When faced with large increases in copayments, many patients stop taking their meds rather than switch to cheaper drugs, according to a study in today's New England Journal of Medicine.
Researchers at Harvard Medical School and Medco Health Solutions, a pharmacy benefits management company in Franklin Lake, N.J., surveyed a large company with 55,500 hourly workers that switched to a three-tier copayment system. The switch raised the employees' copay for brand-name drugs from $7 to $30.
Among enrollees who were taking brand name statins, 49% switched to less expensive drugs but 21% stopped taking the drug, the study reports. Researchers also found that 16% with prescriptions for ACE inhibitors stopped taking them and 32% taking acid reflux drugs dropped them.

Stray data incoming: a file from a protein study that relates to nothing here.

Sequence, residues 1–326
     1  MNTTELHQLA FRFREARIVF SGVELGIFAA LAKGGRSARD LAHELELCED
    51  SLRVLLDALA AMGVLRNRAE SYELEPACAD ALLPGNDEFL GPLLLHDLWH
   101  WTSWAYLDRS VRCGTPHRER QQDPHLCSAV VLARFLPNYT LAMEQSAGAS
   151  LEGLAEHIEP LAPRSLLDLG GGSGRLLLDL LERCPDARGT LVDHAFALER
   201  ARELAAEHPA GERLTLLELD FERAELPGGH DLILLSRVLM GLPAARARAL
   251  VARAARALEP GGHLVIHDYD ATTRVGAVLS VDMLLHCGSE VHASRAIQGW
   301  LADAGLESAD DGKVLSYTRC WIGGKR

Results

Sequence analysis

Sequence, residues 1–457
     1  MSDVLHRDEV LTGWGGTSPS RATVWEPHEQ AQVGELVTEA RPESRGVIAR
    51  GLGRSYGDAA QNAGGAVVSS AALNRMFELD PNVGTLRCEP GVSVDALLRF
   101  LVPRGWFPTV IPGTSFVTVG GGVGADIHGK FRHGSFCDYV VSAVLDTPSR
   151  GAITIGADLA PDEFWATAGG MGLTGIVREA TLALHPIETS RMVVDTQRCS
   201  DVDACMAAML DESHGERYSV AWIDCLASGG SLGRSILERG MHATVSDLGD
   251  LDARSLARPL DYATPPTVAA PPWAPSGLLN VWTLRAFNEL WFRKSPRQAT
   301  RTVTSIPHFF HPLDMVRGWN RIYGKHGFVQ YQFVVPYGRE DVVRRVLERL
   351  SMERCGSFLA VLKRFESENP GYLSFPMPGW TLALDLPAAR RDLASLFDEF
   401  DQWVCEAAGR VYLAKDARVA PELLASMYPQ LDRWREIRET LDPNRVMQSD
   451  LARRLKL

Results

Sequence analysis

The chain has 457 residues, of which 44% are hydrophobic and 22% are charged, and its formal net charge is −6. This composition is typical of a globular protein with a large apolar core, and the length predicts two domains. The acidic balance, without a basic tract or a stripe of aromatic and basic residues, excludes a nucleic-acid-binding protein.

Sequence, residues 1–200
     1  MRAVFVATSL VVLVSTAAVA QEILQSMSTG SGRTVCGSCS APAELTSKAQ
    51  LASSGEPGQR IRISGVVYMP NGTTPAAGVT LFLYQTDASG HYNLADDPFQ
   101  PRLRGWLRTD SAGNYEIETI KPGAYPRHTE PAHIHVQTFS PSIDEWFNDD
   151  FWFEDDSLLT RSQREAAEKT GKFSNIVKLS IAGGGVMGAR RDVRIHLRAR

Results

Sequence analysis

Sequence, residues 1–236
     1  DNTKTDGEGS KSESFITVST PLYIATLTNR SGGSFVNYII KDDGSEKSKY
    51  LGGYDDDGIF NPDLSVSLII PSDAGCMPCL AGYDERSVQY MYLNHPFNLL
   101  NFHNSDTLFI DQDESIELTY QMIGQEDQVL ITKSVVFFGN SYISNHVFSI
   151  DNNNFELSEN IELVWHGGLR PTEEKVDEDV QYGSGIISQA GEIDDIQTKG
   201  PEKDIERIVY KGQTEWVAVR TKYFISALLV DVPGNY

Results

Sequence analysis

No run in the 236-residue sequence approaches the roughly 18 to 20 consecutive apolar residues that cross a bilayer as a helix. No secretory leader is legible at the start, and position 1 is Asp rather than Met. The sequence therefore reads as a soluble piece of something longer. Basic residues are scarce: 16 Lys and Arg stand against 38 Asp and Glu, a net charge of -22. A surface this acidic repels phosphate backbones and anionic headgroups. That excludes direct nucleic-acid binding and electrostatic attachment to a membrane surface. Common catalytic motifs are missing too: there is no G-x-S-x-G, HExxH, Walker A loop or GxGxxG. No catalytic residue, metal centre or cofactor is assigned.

But researchers added that there was not such a marked drop in utilization at another company that raised copayments for brand names less dramatically - from $12 to $24 - when adopting its three-tier approach.
"The associated changes in copayments can substantially alter out-of-pocket spending by enrollees, the continuation of the use of medications, and possibly the quality of care," the study concludes.
The Kaiser Family Foundation reports that three-tier plans for drugs are now common, with 63% of employees who have prescription drug benefits using them, up from 27% in 2000.
For an abstract of the New England Journal of Medicine article click here.